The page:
What is our understanding of Sacramental Marriage?

Father, all-powerful and ever-living God,

You created the human family in love to share your divine life.

We see our high destiny in the love of husband and wife,

which bears the imprint of your own divine love.

Love is our origin,

love is our constant calling,

love is our fulfilment in heaven.

The love of woman and man

is made holy in the sacrament of marriage,

and becomes the mirror of your everlasting love.     (A preface of marriage)

For couples about to marry in Church what is the definition of marriage? It is healthy that a couple reflect on the definition of marriage as they get engaged to marry.  It might seem insensitive or offensive to talk of ‘definition’ in the context of a couple’s wonderful, loving, life-giving and life-enhancing relationship but consider the following:

  • When you go to purchase a house, the solicitor sits you down and you sign a contract. You are not free to read the terms, put a line through one or two phrases, and then sign. You will be told that every line is needed. Marriage is an even bigger decision than having a house. Everything important is clearly defined. You need to know what you are consenting to, the vows you are making. Over thousands of years, over many, many generations, guided by the Holy Spirit, human wisdom has teased out many issues and given us a robust outline of sacramental marriage. It is this that you say ‘I do’ to in church on your wedding day.
  • You might say that “couples are intelligent and mature, their relationship is unique, they know what marriage means for them, it is nobody else’s business”. However is it not very important that when, as a couple, you say ‘I do’ at the altar that you both say ‘I do’ to the same thing? What happens if a couple subsequently realise that they have two different understandings of what marriage is and the difference is major? It is vital that a couple exchanging vows have the same understanding of sacramental marriage. It is important that every person getting married honour the status of the ordinary definition of sacramental marriage that, guided by the Holy Spirit, has been crafted by the wisdom of millennia.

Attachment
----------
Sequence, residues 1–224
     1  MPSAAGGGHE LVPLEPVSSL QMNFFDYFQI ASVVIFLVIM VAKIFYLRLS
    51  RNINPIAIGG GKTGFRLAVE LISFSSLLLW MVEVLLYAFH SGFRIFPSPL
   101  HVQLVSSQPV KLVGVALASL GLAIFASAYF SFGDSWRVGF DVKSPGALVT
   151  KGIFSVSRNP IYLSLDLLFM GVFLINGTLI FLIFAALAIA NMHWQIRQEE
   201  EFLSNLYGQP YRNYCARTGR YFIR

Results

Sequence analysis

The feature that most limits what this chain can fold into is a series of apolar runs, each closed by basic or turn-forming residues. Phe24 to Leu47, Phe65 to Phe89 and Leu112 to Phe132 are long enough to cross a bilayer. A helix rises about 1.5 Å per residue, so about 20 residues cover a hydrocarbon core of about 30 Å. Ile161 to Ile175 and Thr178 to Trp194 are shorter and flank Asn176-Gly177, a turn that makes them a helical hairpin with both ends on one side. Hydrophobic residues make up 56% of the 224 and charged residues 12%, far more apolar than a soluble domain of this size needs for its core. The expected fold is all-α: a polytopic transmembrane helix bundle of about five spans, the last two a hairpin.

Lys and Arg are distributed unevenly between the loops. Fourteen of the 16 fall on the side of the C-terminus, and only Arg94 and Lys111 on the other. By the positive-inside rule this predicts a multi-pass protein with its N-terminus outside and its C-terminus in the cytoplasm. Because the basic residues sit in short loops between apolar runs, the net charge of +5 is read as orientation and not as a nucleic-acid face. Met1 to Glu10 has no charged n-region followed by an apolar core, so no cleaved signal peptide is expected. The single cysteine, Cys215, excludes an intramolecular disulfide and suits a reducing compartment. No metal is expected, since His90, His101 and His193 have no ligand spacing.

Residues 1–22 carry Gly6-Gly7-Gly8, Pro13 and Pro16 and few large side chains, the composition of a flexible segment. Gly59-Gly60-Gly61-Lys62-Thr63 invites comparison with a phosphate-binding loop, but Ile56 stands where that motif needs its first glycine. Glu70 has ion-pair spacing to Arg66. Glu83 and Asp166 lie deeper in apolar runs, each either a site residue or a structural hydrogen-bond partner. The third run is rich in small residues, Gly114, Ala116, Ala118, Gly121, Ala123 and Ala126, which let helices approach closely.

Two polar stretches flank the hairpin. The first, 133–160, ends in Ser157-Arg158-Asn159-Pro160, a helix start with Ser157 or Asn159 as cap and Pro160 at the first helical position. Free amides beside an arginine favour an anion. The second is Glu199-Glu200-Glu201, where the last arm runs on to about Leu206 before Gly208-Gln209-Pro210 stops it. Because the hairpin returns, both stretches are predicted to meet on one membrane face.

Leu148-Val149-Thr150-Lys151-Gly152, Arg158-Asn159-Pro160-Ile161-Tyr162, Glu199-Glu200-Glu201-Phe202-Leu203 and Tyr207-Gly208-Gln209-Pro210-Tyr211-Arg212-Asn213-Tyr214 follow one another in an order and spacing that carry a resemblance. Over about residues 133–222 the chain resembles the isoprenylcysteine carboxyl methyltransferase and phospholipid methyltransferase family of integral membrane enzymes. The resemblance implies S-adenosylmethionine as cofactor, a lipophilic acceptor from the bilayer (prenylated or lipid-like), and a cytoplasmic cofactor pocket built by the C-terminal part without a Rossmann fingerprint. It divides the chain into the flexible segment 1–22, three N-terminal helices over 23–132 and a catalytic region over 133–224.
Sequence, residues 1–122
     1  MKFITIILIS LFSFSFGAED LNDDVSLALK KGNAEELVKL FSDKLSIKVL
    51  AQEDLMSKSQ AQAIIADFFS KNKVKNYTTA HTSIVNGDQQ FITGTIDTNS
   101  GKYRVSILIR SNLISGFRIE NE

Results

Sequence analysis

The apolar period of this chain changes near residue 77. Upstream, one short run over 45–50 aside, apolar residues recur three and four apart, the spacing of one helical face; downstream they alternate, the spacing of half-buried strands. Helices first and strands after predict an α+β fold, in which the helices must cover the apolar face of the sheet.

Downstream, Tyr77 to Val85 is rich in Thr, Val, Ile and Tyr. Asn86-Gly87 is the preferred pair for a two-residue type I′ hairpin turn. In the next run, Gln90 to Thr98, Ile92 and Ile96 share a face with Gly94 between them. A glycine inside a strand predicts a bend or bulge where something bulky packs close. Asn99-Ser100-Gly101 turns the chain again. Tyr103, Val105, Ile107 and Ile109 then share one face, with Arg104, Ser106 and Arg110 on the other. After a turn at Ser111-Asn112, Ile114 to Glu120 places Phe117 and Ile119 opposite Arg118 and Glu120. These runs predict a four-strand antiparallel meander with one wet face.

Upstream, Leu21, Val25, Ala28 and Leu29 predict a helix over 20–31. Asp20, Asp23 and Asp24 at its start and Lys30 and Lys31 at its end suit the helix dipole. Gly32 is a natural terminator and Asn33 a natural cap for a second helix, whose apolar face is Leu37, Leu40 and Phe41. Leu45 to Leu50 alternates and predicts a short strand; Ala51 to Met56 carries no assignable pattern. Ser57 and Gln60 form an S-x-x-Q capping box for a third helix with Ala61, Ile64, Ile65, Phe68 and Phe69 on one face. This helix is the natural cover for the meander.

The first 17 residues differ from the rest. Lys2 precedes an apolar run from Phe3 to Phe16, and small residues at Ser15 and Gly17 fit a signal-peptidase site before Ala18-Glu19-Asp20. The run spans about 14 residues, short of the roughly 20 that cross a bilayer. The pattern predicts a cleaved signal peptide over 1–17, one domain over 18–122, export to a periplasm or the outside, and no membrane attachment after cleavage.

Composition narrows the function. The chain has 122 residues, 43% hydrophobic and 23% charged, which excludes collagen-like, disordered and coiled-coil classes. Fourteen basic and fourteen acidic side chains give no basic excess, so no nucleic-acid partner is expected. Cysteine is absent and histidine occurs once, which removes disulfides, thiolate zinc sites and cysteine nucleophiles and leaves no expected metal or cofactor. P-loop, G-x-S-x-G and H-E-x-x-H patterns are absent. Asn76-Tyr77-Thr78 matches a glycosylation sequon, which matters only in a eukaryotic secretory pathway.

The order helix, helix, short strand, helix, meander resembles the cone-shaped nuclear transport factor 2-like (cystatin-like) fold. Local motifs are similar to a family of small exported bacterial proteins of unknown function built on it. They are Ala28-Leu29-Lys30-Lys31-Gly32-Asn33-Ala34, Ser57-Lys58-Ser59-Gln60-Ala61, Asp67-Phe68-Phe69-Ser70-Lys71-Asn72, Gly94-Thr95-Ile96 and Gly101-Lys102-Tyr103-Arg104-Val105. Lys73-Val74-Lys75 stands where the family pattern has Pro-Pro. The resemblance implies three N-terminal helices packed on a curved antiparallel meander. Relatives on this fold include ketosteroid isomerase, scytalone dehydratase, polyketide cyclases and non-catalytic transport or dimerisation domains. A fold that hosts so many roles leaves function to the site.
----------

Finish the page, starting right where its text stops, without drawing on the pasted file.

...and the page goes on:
The Sacrament of Marriage.

What is our definition of marriage? What did the Old Testament teach? What did Jesus teach? What has been the developed wisdom and understanding of the People of God in the Catholic Church through the generations? Many of the essentials of marriage are contained in the following succinct statement:

Matrimonial consent is an act of will by which a man and a woman by an irrevocable covenant mutually give and accept one another for the purpose of establishing a marriage. The marriage covenant by which a man and a woman establish between themselves a partnership of their whole life, and which of its very nature is ordered to the well-being of the spouses and to the procreation and upbringing of children, has, between the baptised, been raised by Christ the Lord to the dignity of a sacrament.

The essential properties of marriage are unity and indissolubility.

We speak of marriage vows. A couple take vows by freely exchanging consent, taking each other as husband and wife in marriage. Consent involves both genuine freedom in consenting and genuine appreciation of what the marriage will involve.

Two essential properties of marriage are unity and indissolubility. Unity refers to a total sharing of their lives in fidelity to each other. There cannot be a third party. Indissolubility refers to marriage as all the days of our life, until death do us part. You are not on trial, you are united in a sacred bond, and you are accepted and loved unconditionally.

In getting married, couples exchange the right to have children where possible. Love is freely given. The giving involves the possibility of having children. All love is fruitful. The natural love of a couple expressed physically can bear fruit in a child born to them. The child is the natural fruit of their love.

In the Genesis account of the creation of the human race, God is seen as creating one first, and then saying it is not good to be alone, I will make a helpmate. In this understanding of woman and man, they are seen as complimentary to each other and as life-long companions. Male and female together are the source of and the carers for the next generation. The upbringing of children is seen as a life-long commitment.

My dear people, since God has loved us so much,

we too should love one another.

No one has ever seen God;

but as long as we love one another

God will live in us

and his love will be complete in us

1Jn 4:11-12

Bishop Ray Browne Sept 2015